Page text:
While we’re on the topic of linking to blogs, Kaiju Shakedown, an official blog of Variety magazine (meaning he gets paid for it, I guess), has been one of my favorites lately. I’ve always been a firm believer that close, obsessive scrutiny of a nation’s pop culture can tell one a lot about that nation’s people, so Grady Hendrix’s posts, written with that true Variety-style sarcastic wit, always entertain and inform.
But father Miyazaki was against it! In an unsuccessful effort to find out why, I translated the first diary entry from Goro’s blog. This first appeared in the comments section of Kaiju Shakedown, but I will reproduce it here:
Introductory remarks — My father was against this
My father, Hayao Miyazaki, was against me directing “Ged War Journal” [tr: my guess at a literal translation of the movie’s title].
This may sound abrupt. However, first, I would like to make this clear.
Also, to speak truthfully, to open a diary on the Internet and come out in front of everybody was not necessarily my desire. If I had something that I wanted to tell [everyone] with my own voice, that would be, “I want you to watch the work I have completed.” That is all.
My desire as a director is to “have people watch ‘Ged War Journal’ with direct feeling and no idle thoughts,” that is all.
However, once the promotion for ‘Ged War Journal’ begins, for better or worse, the adjective “Hayao Miyazaki’s son” will be applied to its director, myself. In response to that, the conclusion that producer Toshio Suzuki reached was, of course, to “respond with the product itself” but also “in order to compete with the product itself, we should acquaint people with Goro Miyazaki as an individual person, not ‘Hayao Miyazaki’s son.'”
After mulling over all that I too agreed with that view. In short, I decided to try to experiment, even if the order is backwards, to have people watch the work ‘Ged War Journal’ without preconceptions by expressing what I was thinking as a director through this diary.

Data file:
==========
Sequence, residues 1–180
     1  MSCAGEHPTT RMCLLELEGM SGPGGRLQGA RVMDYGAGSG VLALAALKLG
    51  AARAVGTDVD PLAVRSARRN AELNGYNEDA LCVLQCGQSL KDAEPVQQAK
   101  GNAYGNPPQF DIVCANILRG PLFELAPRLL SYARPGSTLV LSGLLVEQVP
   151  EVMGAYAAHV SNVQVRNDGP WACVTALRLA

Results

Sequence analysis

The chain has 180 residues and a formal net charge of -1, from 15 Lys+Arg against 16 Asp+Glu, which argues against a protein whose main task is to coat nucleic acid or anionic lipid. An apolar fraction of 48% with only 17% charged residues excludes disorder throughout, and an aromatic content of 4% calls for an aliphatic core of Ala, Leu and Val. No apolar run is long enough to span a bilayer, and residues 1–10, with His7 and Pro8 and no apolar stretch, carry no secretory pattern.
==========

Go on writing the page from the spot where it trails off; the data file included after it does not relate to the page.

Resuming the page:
I chose the internet as the method [to express my thoughts] because it is the medium that can connect with people most directly. Of course, ideas such as accepting media interviews or press conferences, as has been done before, were also considered. However, I felt that in order to carry out the above-mentioned experiment, I would be able to express my ideas in a more frank manner by not working through the filter of the media.
I will not brashly state here the reason why my father was against [me directing this film] as I stated in the beginning. I think I should reveal that as I describe the path which led me to work as a director and the daily production status.
Finally, there are two reasons why I took on the direction of ‘Ged War Journal.’ That I felt attraction toward the story of ‘Ged War Journal’ is the first. The second is that I noticed something in me, that it was difficult to brush away the feelings I had toward animation that I had pretended not to notice until now, for reasons including the relationship with my father.
I don’t want to talk specifically about the content of the movie before it is released, but the theme that I wish to express through the movie come out clearly:
“What is it to live honestly these days?”
That is the way of life that I wish I could be like, and it is also the theme of this diary.